The U.S.D.A. also maintained that vaccinating some rabbits would make it difficult to distinguish between sick rabbits and those with antibodies produced by the vaccine, although, since most sick rabbits died, the distinction would actually be very clear. In the rabbit community, the departments mulishness was infuriating. Some people said that it reflected a bad attitude toward rabbits, seeing them as disposable goods, easily replaced. Others thought that the department simply didnt want to manage all the paperwork required to bring a vaccine from overseas, or just didnt want to acknowledge that the virus was present.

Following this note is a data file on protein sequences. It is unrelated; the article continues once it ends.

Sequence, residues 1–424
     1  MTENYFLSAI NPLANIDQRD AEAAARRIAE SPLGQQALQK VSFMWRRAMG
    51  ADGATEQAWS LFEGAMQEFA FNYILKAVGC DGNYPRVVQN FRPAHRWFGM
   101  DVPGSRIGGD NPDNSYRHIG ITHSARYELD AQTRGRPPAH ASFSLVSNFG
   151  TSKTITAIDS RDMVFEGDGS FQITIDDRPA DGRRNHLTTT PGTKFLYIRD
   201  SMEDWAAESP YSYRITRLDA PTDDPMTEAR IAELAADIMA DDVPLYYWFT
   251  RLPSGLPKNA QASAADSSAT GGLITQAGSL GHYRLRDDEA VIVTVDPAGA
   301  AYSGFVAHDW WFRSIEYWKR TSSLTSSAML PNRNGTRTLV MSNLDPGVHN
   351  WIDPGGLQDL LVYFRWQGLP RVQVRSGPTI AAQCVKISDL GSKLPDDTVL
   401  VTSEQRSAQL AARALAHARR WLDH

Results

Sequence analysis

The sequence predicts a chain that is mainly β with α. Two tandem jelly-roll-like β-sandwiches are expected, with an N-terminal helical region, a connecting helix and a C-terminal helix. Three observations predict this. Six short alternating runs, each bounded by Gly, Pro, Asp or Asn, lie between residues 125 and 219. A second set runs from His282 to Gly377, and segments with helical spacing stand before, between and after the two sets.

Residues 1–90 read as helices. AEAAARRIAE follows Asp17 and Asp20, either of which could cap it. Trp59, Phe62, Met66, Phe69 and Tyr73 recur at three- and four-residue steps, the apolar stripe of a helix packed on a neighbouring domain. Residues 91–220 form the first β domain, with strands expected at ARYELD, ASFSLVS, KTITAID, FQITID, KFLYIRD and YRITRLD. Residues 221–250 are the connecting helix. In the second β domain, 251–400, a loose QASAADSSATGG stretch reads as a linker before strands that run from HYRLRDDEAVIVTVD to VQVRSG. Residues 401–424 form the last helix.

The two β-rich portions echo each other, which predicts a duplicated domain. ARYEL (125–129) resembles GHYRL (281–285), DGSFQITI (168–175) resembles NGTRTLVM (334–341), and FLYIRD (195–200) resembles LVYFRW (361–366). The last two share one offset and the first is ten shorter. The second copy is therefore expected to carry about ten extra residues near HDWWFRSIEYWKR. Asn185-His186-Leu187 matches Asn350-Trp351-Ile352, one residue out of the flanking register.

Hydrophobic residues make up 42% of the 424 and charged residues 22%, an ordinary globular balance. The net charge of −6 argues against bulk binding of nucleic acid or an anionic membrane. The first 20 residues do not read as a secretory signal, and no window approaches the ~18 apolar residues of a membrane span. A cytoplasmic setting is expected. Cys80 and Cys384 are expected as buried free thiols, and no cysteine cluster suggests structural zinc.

The U.S.D.A. finally agreed to consider requests for the emergency importation of limited amounts of the vaccine, but only if veterinarians applied first through their state veterinarians. Leaving the question of the vaccine to the states, though, meant that there could be fifty different decisions on ita patchwork of guidelines for a disease that would travel with no regard to borders. A number of veterinarians said that they were interested in applying to import the vaccine, but, once they discovered the headaches involved, most of them gave up. Alicia McLaughlin, one of the medical directors of the Center for Bird and Exotic Animal Medicine, in Bothell, Washington, was the first veterinarian in the country to obtain the vaccine, which she ordered from Filavie. She, too, had heard about the RHDV2 outbreak in British Columbia, so she started researching how to get the vaccine, and compiled a list of several hundred clients who were requesting it. I knew the virus would get here, she said recently. Once it was in British Columbia, it was just a matter of time.